Protecting The Promises


At its best, the Promise movement attacks the opportunity gap. But to sustain a Promise program is hardly an easy task. By design, such a program motivates students to perform well academically thus a growing number are expected to meet the requirements each year. On top of that, there is no indication that increasing college costs will level off.

So Promise programs — perhaps the best intervention in attacking the opportunity gap — struggle to keep up. Most of the recent Promise news is focused on finance. Here’s a spin around the nation:

star-denverVoters in Denver, Colo., might be asked to take on responsibility of funding the Denver Scholarship Foundation. The proposal before the Denver City Council is a sales tax increase of 0.08 percent — less than a penny for a $10 purchase — which would generate about $10 million for the scholarship organization. One councilman reported that his constituency is asking why this has become a city responsibility, but a recent study uncovered a nine-fold return on money spent by the Denver Scholarship Foundation. That in a state that has been ranked 47th in the U.S. for higher education funding.

Known locally as UIC, the University of Illinois-Chicago recently stepped up to sweeten the pot for recipients of the Chicago Star Scholarship, which gives free community college tuition to high-performing city students. UIC has offered guaranteed admission and up to $5,000 in support for those who earn an associate’s degree through the program. And outspoken Mayor Rahm Emanuel promised to be knocking on the doors of others to talk about their “responsibility to the kids of Chicago.” Emanuel made it clear that he wants higher ed support and he wants it soon, saying, “It would be easy to step back, observe the problem, study the problem, have a couple papers written on the problem, have a symposium on the problem, discuss what people should do about the problem and then go for a break and have a cup of coffee.”

Down in Greensboro, N.C., where more than $25 million has been raised toward an endowment for a Say Yes To Education program, city officials were hardly unanimous in their support of the initiative. At issue? The leaders of the campaign did not reach out to the Guilford County Board of Commissioners until “the ninth inning,” according to the board chair. That county board is also displeased that the early discussion did not include the county’s charter school students, which is “significantly different than where [the Say Yes to Education] board thought we were headed,” according to Gene Chasin of Say Yes.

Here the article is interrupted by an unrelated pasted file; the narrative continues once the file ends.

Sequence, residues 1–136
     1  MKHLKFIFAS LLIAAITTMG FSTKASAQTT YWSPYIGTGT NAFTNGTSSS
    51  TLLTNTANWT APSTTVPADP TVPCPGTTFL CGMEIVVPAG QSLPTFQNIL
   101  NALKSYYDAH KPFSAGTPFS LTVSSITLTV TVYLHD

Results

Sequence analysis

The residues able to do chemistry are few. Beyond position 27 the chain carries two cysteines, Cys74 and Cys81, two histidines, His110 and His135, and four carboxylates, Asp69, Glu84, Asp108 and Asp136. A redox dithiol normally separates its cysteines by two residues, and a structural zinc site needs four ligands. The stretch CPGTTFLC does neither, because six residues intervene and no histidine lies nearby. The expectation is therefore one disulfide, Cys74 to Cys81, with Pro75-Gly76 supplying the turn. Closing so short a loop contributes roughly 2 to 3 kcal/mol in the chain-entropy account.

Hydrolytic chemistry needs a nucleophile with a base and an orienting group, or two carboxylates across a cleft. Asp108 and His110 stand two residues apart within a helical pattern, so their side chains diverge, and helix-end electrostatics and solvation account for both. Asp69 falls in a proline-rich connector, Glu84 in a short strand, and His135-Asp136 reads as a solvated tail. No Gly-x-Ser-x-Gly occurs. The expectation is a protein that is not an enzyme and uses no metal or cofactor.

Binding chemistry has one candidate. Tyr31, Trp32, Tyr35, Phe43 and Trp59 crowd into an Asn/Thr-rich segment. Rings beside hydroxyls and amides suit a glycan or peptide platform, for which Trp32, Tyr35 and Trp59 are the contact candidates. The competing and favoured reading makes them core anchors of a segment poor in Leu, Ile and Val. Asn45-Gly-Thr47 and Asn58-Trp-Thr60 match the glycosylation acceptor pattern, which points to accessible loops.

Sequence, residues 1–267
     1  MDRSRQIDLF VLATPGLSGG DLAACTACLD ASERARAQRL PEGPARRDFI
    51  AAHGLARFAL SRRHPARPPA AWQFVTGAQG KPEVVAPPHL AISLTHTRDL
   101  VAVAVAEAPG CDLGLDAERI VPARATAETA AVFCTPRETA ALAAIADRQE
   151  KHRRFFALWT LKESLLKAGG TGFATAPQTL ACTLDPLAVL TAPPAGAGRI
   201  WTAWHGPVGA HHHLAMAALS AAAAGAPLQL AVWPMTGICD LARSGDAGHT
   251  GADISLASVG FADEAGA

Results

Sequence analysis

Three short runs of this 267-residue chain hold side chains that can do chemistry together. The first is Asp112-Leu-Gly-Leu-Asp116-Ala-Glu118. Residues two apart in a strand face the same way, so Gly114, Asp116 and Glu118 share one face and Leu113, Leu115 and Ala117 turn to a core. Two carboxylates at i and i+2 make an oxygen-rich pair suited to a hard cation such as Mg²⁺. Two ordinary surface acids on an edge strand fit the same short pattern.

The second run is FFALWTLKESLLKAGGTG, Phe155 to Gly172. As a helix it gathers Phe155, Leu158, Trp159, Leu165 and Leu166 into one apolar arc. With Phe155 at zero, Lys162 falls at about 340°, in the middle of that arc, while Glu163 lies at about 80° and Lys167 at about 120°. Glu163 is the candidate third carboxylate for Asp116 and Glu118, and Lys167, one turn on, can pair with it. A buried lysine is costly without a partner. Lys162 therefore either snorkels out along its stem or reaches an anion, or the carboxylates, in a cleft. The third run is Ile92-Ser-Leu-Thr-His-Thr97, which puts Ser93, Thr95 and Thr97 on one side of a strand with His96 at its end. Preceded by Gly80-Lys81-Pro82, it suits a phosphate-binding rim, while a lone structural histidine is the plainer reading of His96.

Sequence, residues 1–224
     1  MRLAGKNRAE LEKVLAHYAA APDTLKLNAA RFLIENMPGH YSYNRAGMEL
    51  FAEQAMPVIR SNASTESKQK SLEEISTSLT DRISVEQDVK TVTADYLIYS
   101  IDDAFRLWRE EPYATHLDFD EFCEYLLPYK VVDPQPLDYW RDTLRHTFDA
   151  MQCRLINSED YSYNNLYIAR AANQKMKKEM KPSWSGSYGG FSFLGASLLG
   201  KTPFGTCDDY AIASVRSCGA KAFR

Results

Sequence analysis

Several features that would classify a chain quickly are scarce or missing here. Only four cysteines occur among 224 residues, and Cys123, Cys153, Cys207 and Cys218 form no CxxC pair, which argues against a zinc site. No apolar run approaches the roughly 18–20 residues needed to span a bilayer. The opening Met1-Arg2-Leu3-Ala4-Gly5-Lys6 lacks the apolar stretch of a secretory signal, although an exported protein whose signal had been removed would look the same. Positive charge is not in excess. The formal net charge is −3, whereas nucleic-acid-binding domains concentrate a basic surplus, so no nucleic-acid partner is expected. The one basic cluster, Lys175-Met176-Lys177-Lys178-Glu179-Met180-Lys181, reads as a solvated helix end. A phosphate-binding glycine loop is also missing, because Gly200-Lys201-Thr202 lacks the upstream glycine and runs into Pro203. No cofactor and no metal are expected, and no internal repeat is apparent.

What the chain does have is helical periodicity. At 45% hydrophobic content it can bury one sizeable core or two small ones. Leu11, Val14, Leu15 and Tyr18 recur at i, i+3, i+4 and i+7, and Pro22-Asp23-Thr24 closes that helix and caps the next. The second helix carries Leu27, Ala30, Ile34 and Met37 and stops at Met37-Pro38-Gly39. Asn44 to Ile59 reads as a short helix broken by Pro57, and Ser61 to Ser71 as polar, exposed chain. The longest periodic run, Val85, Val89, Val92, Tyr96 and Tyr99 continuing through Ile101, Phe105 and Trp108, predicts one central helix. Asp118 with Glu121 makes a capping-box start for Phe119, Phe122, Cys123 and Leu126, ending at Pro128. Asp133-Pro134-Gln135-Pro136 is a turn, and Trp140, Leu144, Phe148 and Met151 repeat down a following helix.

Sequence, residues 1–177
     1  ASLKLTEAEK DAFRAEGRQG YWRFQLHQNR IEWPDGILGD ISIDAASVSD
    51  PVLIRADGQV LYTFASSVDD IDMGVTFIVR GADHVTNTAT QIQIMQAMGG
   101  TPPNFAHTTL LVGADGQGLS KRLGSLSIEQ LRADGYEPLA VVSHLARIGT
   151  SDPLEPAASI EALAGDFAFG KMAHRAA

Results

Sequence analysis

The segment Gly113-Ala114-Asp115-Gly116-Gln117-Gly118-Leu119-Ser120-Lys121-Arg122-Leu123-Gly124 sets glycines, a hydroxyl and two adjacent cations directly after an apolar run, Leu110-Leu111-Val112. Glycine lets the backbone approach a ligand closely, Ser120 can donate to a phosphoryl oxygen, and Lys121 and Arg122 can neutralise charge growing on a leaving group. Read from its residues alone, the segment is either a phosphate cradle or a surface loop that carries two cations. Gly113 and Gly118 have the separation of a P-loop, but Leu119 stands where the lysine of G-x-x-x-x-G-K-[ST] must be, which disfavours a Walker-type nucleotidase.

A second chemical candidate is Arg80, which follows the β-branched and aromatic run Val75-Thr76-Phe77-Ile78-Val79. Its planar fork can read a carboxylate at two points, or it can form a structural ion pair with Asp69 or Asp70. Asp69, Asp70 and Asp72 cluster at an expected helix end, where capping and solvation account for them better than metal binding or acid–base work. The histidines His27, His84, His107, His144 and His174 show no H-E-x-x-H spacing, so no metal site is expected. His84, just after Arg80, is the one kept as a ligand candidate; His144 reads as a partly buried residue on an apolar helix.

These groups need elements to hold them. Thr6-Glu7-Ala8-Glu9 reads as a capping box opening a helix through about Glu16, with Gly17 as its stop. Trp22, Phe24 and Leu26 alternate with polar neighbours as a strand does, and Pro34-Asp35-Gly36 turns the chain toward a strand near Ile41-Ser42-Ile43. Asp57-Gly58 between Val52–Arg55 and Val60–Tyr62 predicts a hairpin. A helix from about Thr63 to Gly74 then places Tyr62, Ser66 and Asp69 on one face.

Two faculty members of the University of Pittsburgh penned an op-ed piece in the Post-Gazette that asked for a focus on state funding for higher education, instead of hand-wringing about recent changes to the Pittsburgh Promise. Lindsay Page and Jennifer Iriti wrote that the purchasing power of the Promise will decline in the face of a lack of support of higher education in the state. “As a community, we should celebrate and grow the gift of The Promise, but we also should seek to protect that gift by pushing Harrisburg to reinvest in public higher education,” the piece concluded. “Without such reinvestment, continued increases in the costs of higher education faced by families will do more to hinder access to the promise and opportunity of higher education than the recent scaling back of The Pittsburgh Promise.”

Is Promise Coming To A New Southern City?


By late summer there will be at least one new Promise program to be added to the Cities of Promise, but exactly where it will be is yet to be determined.

According to the Greensboro News-Record in North Carolina, the “leading contender” is its own Guilford County. That newspaper reported last week that Say Yes to Education — which has city-wide programs in Syracuse and Buffalo — is poised to become the organization’s first program outside the Northeast.

Wrote Marquita Brown of the News-Record:

Say Yes has considered applications from more than two dozen school systems and municipalities, Gene Chasin, the chief operating officer of Say Yes to Education, said through a spokesman.

The organization still is considering several of those school systems, Chasin said.

While evaluating communities, Say Yes is weighing such factors as the strength of local leadership, “the openness of local partners to working together, and the commitment of the local school district to its students graduating high school — and doing so college-ready,” Chasin said.

While Say Yes would provide about $15 million in support, local partners — in this case Guilford County Schools, the Guilford Education Alliance, the Community Foundation of Greater Greensboro and the High Point Community Foundation — would be responsible to raise funds to establish an endowment for college tuition scholarships.

“The Class of 2016 could be the first class to receive these opportunities,” said Maurice “Mo” Green, the superintendent of Guilford County Schools. To learn more about the positive measures coming out of Guilford Schools, please click here.

The photo above is a monument to the Greensboro Four, who generated attention to segregated conditions in the South with a 1960 lunch counter sit-in. The statue — which sits on the campus of North Carolina A&T State University in Greensboro — was dedicated in 2002.